Hustler Spread of Murder Victim: Arguably Tasteless, but Certainly First Amendment Protected

In June 2007, professional wrestling promotrix, Nancy Benoit and her son, Daniel, were the victims of a double murder-suicide committed by her husband, WWE wrestler, Chris Benoit.

Approximately 20 years earlier, Ms. Benoit (then Nancy Daus) posed nude for photographer Mark Samansky. Benoit/Daus allegedly had a change of heart and requested that the materials be destroyed. Nevertheless, Samansky kept the video and made stills from it.

After Benoit's murder, Hustler Magazine obtained copies of Samansky's photographs and stills with the intention of publishing them in the March 2008 edition of Hustler Magazine. Benoit's mother, as administrator of her estate, retained counsel who sent a demand to Hustler claiming that the publication of the materials would violate Benoit's copyright and publicity rights.  Hustler's attorney, Paul Cambria, responded in this letter that copyright law did not apply, and that Hustler had a First Amendment right to publish the photos:

[W]e are not dealing with a commercial exploitation of Ms. Benoit's image for monetary gain, but as a part of a legitimate news story.

The Plaintiff then filed suit in Fayette County, Georgia, and Hustler removed the case to the United States District Court for the Northern District of Georgia and filed a motion to dismiss under Rule 12(b)(6). (Brief in Support, Brief in Opposition, Reply Brief).

In granting the motion the court wrote:

Georgia recognizes a right of publicity to protect against "the appropriation of another's name and likeness . . . without consent and for the financial gain of the appropriator ... whether the person whose name and likeness is used is a private citizen, entertainer, or ... a public figure who is not a public official." Martin Luther King, Jr., Center for Social Change, Inc. v. American Heritage Products, Inc., 250 Ga. 135, 143 (1982). The right of publicity grew out of a long-standing recognition of the right to privacy - "the Georgia Supreme Court became the first such court to recognize the right of privacy in Pavesich v. New England Life Ins. Co., 122 Ga. 190 (1905)." Martin Luther King, Jr., Center, at 138. An important limitation to the right of publicity is that it does not extend where the use is "authorized as an exercise of freedom of the press." Id. (Slip Op. at 4)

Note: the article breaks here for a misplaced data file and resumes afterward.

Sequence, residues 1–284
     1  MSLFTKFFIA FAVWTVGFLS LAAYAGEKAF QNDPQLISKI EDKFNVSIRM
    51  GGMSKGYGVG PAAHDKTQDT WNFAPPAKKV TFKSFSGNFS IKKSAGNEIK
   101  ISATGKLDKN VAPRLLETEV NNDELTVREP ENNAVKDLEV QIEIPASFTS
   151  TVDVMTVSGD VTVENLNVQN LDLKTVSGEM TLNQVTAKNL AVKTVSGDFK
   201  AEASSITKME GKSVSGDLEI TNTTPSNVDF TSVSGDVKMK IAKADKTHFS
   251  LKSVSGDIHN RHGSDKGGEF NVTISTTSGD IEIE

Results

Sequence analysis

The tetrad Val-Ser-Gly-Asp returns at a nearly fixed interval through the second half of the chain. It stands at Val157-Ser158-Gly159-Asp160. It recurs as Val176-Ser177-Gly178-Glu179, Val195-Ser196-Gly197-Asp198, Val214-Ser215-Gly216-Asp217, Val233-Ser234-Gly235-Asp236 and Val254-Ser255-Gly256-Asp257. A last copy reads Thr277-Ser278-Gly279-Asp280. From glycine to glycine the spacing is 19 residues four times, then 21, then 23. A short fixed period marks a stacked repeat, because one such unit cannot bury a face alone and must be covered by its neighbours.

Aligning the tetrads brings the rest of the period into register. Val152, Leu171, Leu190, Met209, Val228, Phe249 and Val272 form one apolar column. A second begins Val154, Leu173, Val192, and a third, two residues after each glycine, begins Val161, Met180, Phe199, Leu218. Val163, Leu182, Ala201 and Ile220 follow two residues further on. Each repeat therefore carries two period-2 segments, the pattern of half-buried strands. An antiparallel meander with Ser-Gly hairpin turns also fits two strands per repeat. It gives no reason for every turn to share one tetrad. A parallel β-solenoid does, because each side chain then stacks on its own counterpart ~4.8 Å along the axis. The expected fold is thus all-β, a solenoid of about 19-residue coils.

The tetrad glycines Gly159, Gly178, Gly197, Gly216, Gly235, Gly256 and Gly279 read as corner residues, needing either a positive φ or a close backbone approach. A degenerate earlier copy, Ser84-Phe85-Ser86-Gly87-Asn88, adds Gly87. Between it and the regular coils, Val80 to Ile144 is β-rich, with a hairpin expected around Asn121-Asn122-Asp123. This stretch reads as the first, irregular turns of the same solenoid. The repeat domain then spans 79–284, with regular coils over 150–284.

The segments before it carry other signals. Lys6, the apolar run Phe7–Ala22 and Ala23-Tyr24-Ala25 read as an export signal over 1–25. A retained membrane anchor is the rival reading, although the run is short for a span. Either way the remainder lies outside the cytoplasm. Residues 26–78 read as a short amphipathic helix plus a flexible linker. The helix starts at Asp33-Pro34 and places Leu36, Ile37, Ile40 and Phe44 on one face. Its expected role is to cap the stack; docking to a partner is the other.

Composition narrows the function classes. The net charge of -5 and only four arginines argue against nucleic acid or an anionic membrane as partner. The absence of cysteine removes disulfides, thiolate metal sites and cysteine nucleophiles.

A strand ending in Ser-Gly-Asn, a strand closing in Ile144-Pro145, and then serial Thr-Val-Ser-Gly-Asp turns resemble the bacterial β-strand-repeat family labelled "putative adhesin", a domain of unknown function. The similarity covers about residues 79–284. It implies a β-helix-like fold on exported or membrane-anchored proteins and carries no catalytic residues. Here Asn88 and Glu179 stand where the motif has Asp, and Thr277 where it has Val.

The court concluded that there was "no dispute that Ms. Benoit's death was a 'legitimate matter of public interest and concern.'" (Slip Op. at 5) Accordingly, the publication of the nude photos was not for "mere commercial benefit" despite the fact that Hustler is anything but a non-profit enterprise. Relying upon Waters v. Fleetwood, 212 Ga. 161 (1956), the court noted that photographs that have a legitimately newsworthy purpose are immunized against right of publicity claims -- even if the photographs are sold as reprints, separately from the news publication at a later date. (Slip Op. at 6)
Were it otherwise, no newspaper might identify any person or any incident of his life without accounting to him for violation of his 'right to publicity'." Martin Luther King, Jr., Center, 250 Ga. at 151-52 (Weltner, J. concurring). The freedom of press exception to the right of publicity generally, combined with the Waters court's specific view of what is in the legitimate public interest, precludes a cause of action for violation of publicity rights in this case. (Slip Op. at 6-7)
This decision is legally notable for two reasons. The first is that since the Georgia Supreme Court was an early adopter of the right of publicity in Pavesich v. New England Life Ins. Co., 122 Ga. 190 (1905), it has a well-developed jurisprudence on this state-specific tort. Accordingly, while Georgia is not exactly a hotbed of entertainment law issues, I consider Georgia decisions to be highly persuasive when researching the right of publicity.

More importantly, it is always heartwarming to see a judge exercise such clear judicial restraint and ethics. Unfortunately, many members of the judiciary have decided that playing their part in the "culture wars" is more important than discharging their duty to be a fair and impartial guardian of the Constitution. Judge Thrash can not be accused of such partisanship. His opinion ends with the legal equivalent of "and they lived happily ever after":

The fact that the Court personally views publication of the photographs to be offensive and distasteful is not determinative. (Slip Op. at 7)

Once again, love him or hate him, Larry Flynt stands up for basic First Amendment rights and prevails.

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